Here’s what a $1.25-billion urban regeneration project looks like
Since 2019, Toronto-based artists Vid Ingelevics and Ryan Walker have been documenting Waterfront Toronto’s Flood Protection Project, a massive transformation happening in the Port Lands. The plan is to restore the mouth of the Don River to its pre-industrialized state and recreate a coastal wetland at its base. The purpose of the project is to prevent the flooding that occurs during extreme weather and to bring back the natural habitat. How to Build A River, a Scotiabank Contact Photography Festival exhibition, is a selection of their photographs from the past year that highlights some of the project’s critical issues, including environmental innovation and the ecosystem’s regrowth. The exhibition is on display until September 2022 near the Port Lands entrance at Villiers Street. Here’s a closer look at their work.
These flora, which started growing on the site mid-project, were identified as plants germinating from seeds deposited in the old Ashbridges Bay before the Port Lands were filled in a century ago. Here, the workers are rescuing the plants for research and replanting. “One of the workers on the site with a green thumb realized that the plants were not just regular weeds,” says Walker. “These plants are like a time capsule from a hundred years ago.”
Subcontractors were called in to transplant the vegetation. Some saplings were relocated to Tommy Thompson Park while others were taken to U of T’s research labs.
Here’s an expansive view of the project looking east across the newly excavated central river valley, with the Hearn Generating Station visible in the background. The project uses mostly natural materials, including rocks and trees, to form the riverbed. “One hundred years later, we’re looking back to nature and combining that knowledge with engineering practices to ensure that this river doesn’t erode,” says Walker.
Black charcoal, seen here in the white bags, will be layered underneath the soil to filter out contaminants. After snapping their shots, Ingelevics and Walker talk to experts from Waterfront Toronto to help them understand what exactly was happening and why at the various stages.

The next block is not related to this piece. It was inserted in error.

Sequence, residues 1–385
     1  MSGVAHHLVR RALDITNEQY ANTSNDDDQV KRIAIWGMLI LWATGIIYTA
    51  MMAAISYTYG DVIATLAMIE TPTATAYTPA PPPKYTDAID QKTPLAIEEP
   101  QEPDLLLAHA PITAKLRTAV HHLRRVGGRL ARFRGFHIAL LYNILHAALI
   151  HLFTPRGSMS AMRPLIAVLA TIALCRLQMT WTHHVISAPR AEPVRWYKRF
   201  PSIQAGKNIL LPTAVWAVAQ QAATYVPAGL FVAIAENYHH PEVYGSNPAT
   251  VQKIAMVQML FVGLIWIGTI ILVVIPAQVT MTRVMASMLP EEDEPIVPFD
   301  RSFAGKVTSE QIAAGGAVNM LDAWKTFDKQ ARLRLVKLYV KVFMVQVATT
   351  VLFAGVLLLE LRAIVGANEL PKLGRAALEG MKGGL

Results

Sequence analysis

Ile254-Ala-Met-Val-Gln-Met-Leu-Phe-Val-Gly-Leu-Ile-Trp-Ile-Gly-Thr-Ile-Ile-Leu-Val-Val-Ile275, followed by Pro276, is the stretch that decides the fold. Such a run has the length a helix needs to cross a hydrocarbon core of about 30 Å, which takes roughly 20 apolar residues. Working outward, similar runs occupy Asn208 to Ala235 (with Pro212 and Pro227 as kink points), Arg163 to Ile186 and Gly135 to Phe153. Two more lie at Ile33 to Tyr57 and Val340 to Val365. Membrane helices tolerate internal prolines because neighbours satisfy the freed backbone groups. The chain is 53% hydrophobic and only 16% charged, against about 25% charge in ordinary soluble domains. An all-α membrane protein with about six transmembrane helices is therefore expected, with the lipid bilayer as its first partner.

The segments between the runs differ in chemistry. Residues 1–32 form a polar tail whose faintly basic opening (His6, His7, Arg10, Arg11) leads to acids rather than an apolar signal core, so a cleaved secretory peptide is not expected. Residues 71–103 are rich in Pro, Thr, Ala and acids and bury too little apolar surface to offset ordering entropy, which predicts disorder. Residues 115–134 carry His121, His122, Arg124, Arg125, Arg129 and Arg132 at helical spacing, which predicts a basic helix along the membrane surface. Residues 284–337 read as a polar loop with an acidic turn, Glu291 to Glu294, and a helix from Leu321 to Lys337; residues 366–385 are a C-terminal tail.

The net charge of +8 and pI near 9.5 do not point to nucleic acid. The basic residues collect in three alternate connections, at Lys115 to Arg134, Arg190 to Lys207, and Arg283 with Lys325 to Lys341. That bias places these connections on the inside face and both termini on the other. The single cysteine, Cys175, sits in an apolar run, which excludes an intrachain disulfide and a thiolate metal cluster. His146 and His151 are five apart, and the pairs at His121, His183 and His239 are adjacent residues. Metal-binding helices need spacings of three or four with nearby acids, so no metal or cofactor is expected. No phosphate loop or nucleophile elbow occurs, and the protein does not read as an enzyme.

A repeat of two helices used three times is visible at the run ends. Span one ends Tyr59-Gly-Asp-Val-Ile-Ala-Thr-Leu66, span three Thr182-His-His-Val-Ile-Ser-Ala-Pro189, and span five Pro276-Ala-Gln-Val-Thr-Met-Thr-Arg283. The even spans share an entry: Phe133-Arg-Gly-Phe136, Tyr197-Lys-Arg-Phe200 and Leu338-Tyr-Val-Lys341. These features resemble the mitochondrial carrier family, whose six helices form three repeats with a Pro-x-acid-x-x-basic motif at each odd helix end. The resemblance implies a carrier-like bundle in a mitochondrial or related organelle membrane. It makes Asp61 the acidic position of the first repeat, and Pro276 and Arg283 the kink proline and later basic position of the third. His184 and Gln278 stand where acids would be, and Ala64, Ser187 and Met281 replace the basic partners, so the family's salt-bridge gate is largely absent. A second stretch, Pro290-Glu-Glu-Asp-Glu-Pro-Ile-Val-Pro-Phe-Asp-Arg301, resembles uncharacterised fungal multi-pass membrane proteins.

The Flood Protection Project’s goal is to lengthen the Don River and create a natural river valley. The Port Lands housed fuel tanks for many decades and contaminants are deeply embedded in the soil. When new land is excavated for the river, it’s topped off with a layer of sand to stop pollutants in the earth below from seeping up into the new river. Surveyors use the cylindrical object in the foreground to measure any recent shifts in the level of the ground over time. Workers are piling more soil than they need to settle the ground so when they build roads or buildings, it won’t cause any issues.
Placing this white membrane is the first stage of creating the riverbed. To ensure that there’s no cross-contamination, the teams have banned heavy equipment from this section. “No machines can go into that area,” says Walker. “And workers need to wash their boots off to decontaminate between sections at different stages.”
Every piece of natural material—the piles of rocks, soil, trees and plants—used in the project are tagged and tracked. “The construction process can seem chaotic, messy and unorganized,” says Walker, “but it’s highly choreographed.”
This tree is the first of many that are being planted, without a root system, in order to partially decompose, get absorbed into the earth, and ultimately restore the marshland ecosystem. “This was the first intentional piece of greenery that was placed,” says Ingelevics. “Even though it was meant to die, it was interesting to see something green.”
Here’s a section of the marshland project that’s much farther along. These trees are all here to decompose and do their thing. The streamers keep birds away so the nutrients and fish can thrive. “There is already a new species of fish in this area,” says Ingelevics. “It’s working.”